When it comes to replacing processed sugar, with a sugar substitute, here is what you need to know. There are 2 categories: artificial and natural.

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CLEVELAND -- Eat less and move more. It's a simple and often successful weight-loss mantra. But if you are looking to cut out processed sugar and substitute it with something else, what's best? All sugar substitutes are not created equal.

"Every single day I have sweetener in my coffee. And probably once a week I'm making something or baking something with artificial sweetener," says Colby Lemaster, who makes Splenda his sweetener of choice.

Lemaster says the sugar substitute was part of a diet and exercise plan that helped him shed over 100 pounds.

When it comes to replacing processed sugar with a sugar substitute, here is what you need to know. There are two categories: artificial and natural.

Aspartame: Popular brands include NutraSweet and Equal. More than 6,000 products contain aspartame, including diet drinks, desserts and packet sweeteners. The safety of aspartame has been the subject of countless controversies since it was first approved for use in food by the the Food and Drug Administration in 1981. The FDA reviewed its safety again in 2007, concluding "aspartame is safe at current levels of consumption as a nonnutritive sweetener." However, people with the genetic condition PKU cannot ingest it. And pregnant women have been cautioned to avoid artificial sweeteners because they have been linked to premature births.

Sucralose: This is best known as the Splenda brand. It can be added to prepared beverages and foods and also used in baking because it is stable under heat. In the table version, Splenda is twice as sweet as saccharin and three times as sweet as aspartame. It was approved for use in the United States in 1998. Researchers looking for ways to use sucrose and its synthetic derivatives stumbled upon the sweetness in a chlorinated sugar compound.

Saccharine: The most popular brand is Sweet'N Low, sold in little pink packets. It is most commonly found in beverages, candies, cookies, medicines and toothpaste. The basic substance is benzoic sulfilimine. Studies have shown saccharine causes bladder cancer is rats, which eventually prompted safety warnings on products containing saccharine. However, in 2001, the FDA reversed its position, declaring it safe for consumption.

Neotame: Sold under brand name Sunett, Sweet One. Invented by the makers of NutraSweet and approved by the FDA in 2002. The chemical formula is similar to aspartame, but it is sweeter and, therefore, used in smaller amounts. It's the only artificial sweetener deemed "safe" by the consumer advocacy group Center for Science in the Public Interest.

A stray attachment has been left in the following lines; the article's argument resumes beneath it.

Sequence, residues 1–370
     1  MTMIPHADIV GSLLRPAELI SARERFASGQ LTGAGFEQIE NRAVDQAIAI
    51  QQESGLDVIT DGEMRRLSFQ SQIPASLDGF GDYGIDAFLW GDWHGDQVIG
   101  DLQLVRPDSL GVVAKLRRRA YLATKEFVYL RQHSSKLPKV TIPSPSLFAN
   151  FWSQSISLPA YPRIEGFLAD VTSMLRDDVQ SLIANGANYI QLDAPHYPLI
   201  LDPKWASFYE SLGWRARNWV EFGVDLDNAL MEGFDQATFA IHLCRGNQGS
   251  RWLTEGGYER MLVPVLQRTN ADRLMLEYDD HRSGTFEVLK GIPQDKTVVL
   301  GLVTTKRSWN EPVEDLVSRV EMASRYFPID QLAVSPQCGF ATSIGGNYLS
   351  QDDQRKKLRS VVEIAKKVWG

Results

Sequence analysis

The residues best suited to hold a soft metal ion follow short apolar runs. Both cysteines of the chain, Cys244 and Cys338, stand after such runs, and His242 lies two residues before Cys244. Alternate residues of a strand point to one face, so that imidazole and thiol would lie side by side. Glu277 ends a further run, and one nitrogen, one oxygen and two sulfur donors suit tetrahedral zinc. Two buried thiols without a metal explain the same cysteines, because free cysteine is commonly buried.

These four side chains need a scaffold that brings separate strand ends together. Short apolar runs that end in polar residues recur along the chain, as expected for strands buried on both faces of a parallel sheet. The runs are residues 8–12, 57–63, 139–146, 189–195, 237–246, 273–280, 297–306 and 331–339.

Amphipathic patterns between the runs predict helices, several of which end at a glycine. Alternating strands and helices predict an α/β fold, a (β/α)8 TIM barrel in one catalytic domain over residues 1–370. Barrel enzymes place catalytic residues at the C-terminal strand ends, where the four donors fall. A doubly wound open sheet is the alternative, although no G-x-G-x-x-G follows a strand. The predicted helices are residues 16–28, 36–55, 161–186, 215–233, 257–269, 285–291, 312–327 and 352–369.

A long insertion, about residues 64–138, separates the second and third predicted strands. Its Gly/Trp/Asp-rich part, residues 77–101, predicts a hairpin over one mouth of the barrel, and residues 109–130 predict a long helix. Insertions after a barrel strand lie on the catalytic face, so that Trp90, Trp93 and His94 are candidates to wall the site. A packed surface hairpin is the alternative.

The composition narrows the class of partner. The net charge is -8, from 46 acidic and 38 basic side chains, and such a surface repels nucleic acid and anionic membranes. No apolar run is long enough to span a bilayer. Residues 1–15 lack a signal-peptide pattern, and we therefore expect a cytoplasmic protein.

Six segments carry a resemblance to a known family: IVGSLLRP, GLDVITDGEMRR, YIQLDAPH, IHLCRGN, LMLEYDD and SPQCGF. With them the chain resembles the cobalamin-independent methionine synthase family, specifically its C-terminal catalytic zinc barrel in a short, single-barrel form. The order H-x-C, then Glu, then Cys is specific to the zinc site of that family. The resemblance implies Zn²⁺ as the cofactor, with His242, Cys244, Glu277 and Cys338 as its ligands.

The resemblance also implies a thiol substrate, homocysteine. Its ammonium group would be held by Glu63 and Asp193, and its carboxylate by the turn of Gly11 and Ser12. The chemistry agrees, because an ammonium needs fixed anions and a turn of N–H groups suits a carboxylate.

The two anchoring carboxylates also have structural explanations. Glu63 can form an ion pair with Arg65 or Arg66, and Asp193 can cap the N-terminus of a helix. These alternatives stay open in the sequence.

Much has been written and debated about artificial sweeteners. We went to the Cleveland Clinic and registered dietitian Laura Jeffers for input.

"All the research out there as far as the consumption of artificial sweeteners shows that the average amount people are consuming is far lower than any amount that would be unsafe to consume," Jeffers says.

So-called natural sweeteners are growing in popularity. Most are well-known, like honey, agave nectar and molasses. They are not calorie-free but can sweeten foods in small amounts and are healthier replacements for processed sugar.

When given the choice, Jeffers says people should choose natural sweeteners.

"So for instance, if it's a fruit nectar, it's coming straight from the source," Jeffers explains.

A natural sweetener that's growing in popularity is sold under the name "Truvia" and "PureVia."

The calorie-free, low-carb sweetener comes from the shrub-like stevia plant. This sugar substitute is about 100 times sweeter than sugar. Just like artificial sweeteners, stevia is not immune to controversy.

The FDA first rejected it in the 1990s for use as a food ingredient. High dosages fed to rats affected reproduction.

But in 2008 the FDA granted stevia "GRAS" status, meaning it is "generally recognized as safe."

(Update: a previous version of our on-air story included high fructose corn syrup among a list of artificial sweeteners. The Food and Drug Administration allows the use of the term "natural" for food ingredients as long as they contain no artificial or synthetic substances and are produced through natural enzymes. In a letter dated July 3, 2008 addressed to the Corn Refiners Association, the FDA maintains high fructose corn syrup may be called "natural" when produced in this manner. The Corn Refiners Association, which represents makers of high fructose corn syrup in the U.S., tells WKYC all of its members adhere to this process.)

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